Of course. Though the most adequate way to undertake an ECG is via an individuals finger.

    Yes, that can also be done via obs as well. ECG can be differed if an individual has slight traction whilst undertaking the reading.

    Im sorry, if I misguided the OP. That was not my intention.
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    (Original post by MiszshorTea786)
    Of course. Though the most adequate way to undertake an ECG is via an individuals finger.

    Yes, that can also be done via obs as well. ECG can be differed if an individual has slight traction whilst undertaking the reading.

    Im sorry, if I misguided the OP. That was not my intention.
    I've never seen an ecg measured from someone's finger. You can measure pulse oximetry from a finger, which will give you a pulse rate which is relatable to heart rate, but you record the electrical activity of the heart (i.e. an ecg) through using wires and electrodes on the chest.


    (Original post by MickeyMaccy)
    I'm getting a little confused myself. This is the question I'm tasked with:
    Attachment 727750
    That question is worded terribly. There would be a difference in the volume of the pulse, as the distance in relation to the heart has changed, but there would be no effect on ECG because a pleth does not record an ecg.
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    (Original post by MickeyMaccy)
    Thanks for your help. I've got a couple of questions:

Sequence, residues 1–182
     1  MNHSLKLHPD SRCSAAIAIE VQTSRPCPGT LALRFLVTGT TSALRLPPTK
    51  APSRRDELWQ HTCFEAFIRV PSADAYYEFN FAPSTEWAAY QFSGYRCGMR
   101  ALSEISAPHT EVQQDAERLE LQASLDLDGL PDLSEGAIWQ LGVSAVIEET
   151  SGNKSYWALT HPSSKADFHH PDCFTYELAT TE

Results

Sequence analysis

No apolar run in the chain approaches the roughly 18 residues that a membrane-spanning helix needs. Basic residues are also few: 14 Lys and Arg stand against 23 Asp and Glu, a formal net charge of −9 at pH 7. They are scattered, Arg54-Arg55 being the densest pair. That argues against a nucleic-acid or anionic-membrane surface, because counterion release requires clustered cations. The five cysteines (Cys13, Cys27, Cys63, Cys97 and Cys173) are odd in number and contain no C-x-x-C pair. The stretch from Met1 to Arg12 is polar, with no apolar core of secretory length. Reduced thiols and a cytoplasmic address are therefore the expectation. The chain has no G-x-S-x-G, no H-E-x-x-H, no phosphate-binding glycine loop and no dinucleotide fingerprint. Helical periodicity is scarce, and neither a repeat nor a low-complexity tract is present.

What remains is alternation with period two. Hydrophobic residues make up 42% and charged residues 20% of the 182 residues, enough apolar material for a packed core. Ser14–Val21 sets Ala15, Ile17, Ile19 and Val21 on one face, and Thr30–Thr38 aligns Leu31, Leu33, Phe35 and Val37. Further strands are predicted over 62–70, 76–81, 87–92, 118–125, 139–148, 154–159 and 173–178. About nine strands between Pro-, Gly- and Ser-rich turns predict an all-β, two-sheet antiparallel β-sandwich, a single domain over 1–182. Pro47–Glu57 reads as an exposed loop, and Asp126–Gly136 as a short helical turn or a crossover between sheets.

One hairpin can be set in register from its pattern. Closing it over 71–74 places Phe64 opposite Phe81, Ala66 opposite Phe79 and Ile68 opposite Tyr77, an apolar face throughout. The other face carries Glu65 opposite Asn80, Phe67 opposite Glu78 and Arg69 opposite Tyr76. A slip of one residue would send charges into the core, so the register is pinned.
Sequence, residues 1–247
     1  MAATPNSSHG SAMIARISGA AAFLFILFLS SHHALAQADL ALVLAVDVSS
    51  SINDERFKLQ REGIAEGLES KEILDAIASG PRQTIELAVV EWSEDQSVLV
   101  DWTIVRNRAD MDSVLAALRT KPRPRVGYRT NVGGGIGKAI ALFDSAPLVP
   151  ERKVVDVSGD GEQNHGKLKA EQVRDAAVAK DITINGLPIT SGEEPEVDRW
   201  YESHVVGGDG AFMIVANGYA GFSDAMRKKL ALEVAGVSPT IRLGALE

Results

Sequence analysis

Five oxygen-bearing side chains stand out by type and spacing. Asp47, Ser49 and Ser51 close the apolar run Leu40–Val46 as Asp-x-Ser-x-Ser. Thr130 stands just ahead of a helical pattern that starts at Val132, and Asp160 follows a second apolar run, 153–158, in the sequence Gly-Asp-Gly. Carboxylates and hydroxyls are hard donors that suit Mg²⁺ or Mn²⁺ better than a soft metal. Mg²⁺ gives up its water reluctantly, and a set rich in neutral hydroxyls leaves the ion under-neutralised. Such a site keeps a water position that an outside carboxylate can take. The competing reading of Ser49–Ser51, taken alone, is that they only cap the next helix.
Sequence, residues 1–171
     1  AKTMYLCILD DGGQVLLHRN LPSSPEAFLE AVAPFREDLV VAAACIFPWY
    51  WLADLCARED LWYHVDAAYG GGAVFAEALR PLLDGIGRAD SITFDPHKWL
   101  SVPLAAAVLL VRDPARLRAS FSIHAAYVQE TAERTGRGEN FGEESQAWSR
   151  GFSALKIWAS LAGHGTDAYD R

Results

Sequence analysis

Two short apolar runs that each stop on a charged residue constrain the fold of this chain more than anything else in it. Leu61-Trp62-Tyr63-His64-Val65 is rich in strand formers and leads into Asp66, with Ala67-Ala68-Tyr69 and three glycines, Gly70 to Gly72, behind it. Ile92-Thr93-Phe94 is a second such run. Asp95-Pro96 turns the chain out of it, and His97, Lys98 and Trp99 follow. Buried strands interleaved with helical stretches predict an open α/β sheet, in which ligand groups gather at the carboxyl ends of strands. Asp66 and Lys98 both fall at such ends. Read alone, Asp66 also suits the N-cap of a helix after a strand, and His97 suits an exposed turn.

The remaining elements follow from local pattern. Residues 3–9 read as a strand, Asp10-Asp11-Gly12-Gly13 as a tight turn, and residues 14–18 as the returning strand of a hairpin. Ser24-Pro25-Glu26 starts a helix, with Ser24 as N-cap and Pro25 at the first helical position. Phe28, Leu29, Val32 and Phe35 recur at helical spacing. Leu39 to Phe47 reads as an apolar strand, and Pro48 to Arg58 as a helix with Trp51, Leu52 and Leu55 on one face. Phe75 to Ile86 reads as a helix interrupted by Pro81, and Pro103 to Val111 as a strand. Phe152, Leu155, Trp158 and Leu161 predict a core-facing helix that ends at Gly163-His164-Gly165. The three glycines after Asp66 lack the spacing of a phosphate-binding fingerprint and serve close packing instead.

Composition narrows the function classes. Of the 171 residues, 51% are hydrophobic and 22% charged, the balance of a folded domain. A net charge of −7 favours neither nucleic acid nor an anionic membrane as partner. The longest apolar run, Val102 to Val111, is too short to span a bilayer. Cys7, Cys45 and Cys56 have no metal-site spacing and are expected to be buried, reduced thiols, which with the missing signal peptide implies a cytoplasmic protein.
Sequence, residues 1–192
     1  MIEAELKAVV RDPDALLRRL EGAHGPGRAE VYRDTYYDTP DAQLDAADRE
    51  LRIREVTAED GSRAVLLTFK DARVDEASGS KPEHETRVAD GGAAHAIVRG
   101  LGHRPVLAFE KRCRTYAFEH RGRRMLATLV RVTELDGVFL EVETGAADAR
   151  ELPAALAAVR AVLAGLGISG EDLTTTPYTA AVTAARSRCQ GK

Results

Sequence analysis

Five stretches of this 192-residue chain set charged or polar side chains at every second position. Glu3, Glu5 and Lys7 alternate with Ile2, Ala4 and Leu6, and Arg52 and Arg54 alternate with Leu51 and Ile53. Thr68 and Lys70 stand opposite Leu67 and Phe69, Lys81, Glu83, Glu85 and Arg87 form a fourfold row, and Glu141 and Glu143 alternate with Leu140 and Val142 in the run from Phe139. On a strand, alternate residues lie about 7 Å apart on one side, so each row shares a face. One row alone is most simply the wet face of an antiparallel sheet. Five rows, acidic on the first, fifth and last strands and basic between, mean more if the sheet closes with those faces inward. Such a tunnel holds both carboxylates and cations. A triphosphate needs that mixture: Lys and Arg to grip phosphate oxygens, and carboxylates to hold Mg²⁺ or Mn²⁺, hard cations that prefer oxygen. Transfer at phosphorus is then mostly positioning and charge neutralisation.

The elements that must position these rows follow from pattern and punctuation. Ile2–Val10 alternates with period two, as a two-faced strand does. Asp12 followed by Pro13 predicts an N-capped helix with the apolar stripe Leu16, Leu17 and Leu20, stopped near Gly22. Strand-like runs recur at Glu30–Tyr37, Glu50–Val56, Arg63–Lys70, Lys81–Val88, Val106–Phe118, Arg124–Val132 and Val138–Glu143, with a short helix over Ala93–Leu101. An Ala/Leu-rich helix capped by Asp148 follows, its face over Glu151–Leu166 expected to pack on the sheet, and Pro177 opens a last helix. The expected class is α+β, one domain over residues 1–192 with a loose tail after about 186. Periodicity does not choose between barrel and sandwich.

1. Surely the ECG is relatable to pulse oximetry as the R-R interval represents one cardiac cycle and can be used to determine heart rate?

    2. Why would the volume of the pulse change as the distance in relation to the heart changes? (finger and ear)
    It's relatable, but pulse oximetry is a measurement of pulse, not of electrical activity, just as an ECG will not give you a pulse but will give you a heart rate. You can have an ecg waveform that should sustain life but no pulse, as in PEA.

    You're nearer to the heart, the source of the pulse wave. Think about how much stronger your carotid pulse feels compared to your radial pulse.
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    I haven't a clue what a plethysmograph is, but surely moving it would not alter the temporal relationship between the heart sounds and ECG?

    Because when the heart pumps, all the blood moves in the body, if that makes sense. It's not like the heart pumps one specific bit of blood to the ear, then the finger.
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    (Original post by moonkatt)
    I've never seen an ecg measured from someone's finger. You can measure pulse oximetry from a finger, which will give you a pulse rate which is relatable to heart rate, but you record the electrical activity of the heart (i.e. an ecg) through using wires and electrodes on the chest.




    That question is worded terribly. There would be a difference in the volume of the pulse, as the distance in relation to the heart has changed, but there would be no effect on ECG because a pleth does not record an ecg.
    It does occur at times. I myself have undertaken ECG with patients finger but I get what you are saying. Normal procedures are to attach the electrical activity of the heart itself. Though this is only with the new machine though in an renowned cardiologist hospital.
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    (Original post by MickeyMaccy)
    Would measuring the pulse from your finger compared to your ear make any difference to the ECG and blood volume signal obtained?
    Hi,

    I have to go along with AortaStudyMore in saying, with due respect to OP, that the question is highly ambiguous and self-contradictory.

    Firstly, no electrode is placed on the ear to record an electrocardiogram, only electrodes to three of the limbs for the bipolar leads (I, II and III) and unipolar leads (aVR, aVL and aVF) plus six chest electrodes at specified locations on the anterior thorax (for leads V1-V6). So I am struggling to understand why you ask about replacing an ear electrode with a finger one.